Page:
As many as 80% of adults will experience an episode of low back pain in their lifetimes. In fact, low back pain ranks as a top reason people in the U.S. seek medical attention, and results are often disappointing.
Treatments vary from medication to injections, even surgery. And yet few find permanent relief. Some “treatments” even make symptoms worse. Researcher Richard A. Deyo, MD, a professor in the department of family medicine at Oregon Health and Science University in Portland comments:
“Over the last 15 years or so, there’s been a steady increase in the use surgery, prescribing of opioids, in the use of injections in the use of spine imaging,” Deyo says, “and overall, population-wide, it doesn’t seem to have helped very much in reducing the impact of back problems.”
Recent studies indicate, however, that massage therapy may prove effective where other modalities fail to deliver. In a study funded by the National Center for Complementary and Alternative Medicine, published in the Annals of Internal Medicine, compared to those in the usual care group, massage groups reported greater average improvements in low back pain and functioning.
The study randomly assigned 400 adults with moderate-to-severe low back pain to either weekly whole-body massages for relaxation, weekly massages that focused on specific muscle problems around the lower back and hips, or usual care. For the “usual care” group, researchers tracked results, but allowed participants to treat symptoms themselves. Typically, they chose pain medications or muscle relaxants, seeing doctors or chiropractors, physical therapy, or simply doing nothing. In the end, both massage groups demonstrated improvement beyond that of the third, usual care group.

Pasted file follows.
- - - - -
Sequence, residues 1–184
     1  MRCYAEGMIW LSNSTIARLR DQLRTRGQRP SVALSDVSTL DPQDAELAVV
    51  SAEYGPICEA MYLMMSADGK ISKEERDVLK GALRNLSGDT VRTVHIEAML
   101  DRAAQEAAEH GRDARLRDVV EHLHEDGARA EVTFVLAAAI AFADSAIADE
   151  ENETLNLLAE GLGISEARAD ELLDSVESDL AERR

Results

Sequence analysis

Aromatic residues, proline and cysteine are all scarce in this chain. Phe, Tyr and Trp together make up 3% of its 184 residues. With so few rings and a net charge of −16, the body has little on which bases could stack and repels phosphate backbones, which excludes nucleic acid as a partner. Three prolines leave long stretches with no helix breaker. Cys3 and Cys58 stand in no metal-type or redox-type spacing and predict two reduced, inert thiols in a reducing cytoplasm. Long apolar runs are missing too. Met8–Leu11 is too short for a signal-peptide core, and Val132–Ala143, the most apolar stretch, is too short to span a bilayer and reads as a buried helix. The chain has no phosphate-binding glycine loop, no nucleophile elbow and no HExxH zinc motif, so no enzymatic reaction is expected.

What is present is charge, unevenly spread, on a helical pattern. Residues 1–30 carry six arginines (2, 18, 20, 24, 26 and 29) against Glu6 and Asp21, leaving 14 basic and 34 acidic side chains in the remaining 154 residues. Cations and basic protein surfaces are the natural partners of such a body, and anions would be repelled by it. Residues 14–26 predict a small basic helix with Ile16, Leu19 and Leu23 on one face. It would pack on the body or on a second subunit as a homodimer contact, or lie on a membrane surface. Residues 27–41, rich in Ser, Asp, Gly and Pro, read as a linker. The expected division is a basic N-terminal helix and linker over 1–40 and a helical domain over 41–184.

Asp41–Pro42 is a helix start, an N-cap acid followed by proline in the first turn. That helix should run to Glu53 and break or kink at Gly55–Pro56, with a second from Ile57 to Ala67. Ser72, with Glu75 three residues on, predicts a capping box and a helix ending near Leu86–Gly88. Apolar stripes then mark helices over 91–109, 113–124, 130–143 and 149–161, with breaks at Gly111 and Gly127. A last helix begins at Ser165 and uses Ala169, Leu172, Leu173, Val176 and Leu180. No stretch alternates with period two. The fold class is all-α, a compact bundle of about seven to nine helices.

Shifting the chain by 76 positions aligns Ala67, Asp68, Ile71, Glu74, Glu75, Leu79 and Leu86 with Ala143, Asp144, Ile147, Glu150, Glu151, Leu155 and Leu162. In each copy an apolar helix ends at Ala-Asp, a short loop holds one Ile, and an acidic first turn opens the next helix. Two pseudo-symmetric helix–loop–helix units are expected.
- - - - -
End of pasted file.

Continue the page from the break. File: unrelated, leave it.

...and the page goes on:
For many, the improvements seen with massage were modest, though higher than for those using some form of self-care. But at the end of the 10-week study, 36% and 39% of patients in the massage groups said their pain was nearly or completely gone, compared to 4% in the usual care group.
Roger Chou, MD, an associate professor of medicine at Oregon Health and Science University, who helped to write the 2009 American Pain Society guidelines for treating low back pain comments:
“I think the study is quite consistent with what we have in our guideline, and it adds to the evidence that’s out there. It strengthens the case to consider massage as one of the potential treatment options for chronic low back pain.”
If you are one of the millions suffering from low back pain, remember that a premium massage chair delivers quality massage, at home and on-demand. Depending on your specific problem the best massage chairs for lower back pain include the Panasonic MA-J7, MA-73, and Brio.
Goodman, Brenda. “Study: Massage Helps Treat Low Back Pain.” WebMD, WebMD, 5 July 2011, www.webmd.com/back-pain/news/20110705/study-massage-helps-treat-low-back-pain#1.
Walsh, Allison. “Getting the Right Massage for Low Back Pain.” Spine-Health, 24 June 2015, opens in a new windowwww.spine-health.com/blog/getting-right-massage-low-back-pain.